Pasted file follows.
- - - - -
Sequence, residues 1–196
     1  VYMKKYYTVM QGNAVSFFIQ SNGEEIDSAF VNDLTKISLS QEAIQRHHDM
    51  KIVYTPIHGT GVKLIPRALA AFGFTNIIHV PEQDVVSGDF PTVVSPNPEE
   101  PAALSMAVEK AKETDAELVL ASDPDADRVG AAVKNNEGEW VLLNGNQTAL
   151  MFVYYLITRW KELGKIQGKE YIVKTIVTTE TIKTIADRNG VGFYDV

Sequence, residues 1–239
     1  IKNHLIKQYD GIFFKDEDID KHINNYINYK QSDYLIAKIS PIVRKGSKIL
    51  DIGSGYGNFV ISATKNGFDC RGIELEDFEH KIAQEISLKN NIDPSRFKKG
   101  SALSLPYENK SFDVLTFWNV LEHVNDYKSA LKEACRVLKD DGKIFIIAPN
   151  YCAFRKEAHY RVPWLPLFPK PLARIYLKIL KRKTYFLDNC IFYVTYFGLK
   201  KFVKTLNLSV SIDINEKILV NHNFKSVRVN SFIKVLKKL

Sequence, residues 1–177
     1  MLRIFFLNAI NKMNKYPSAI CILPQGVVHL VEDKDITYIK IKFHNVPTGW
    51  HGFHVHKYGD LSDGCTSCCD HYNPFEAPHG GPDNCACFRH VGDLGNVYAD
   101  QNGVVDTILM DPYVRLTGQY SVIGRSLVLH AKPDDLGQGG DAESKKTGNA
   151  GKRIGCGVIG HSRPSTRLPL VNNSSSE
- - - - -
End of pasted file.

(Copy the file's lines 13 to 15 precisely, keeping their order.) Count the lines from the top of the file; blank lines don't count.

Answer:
     1  MLRIFFLNAI NKMNKYPSAI CILPQGVVHL VEDKDITYIK IKFHNVPTGW
    51  HGFHVHKYGD LSDGCTSCCD HYNPFEAPHG GPDNCACFRH VGDLGNVYAD
   101  QNGVVDTILM DPYVRLTGQY SVIGRSLVLH AKPDDLGQGG DAESKKTGNA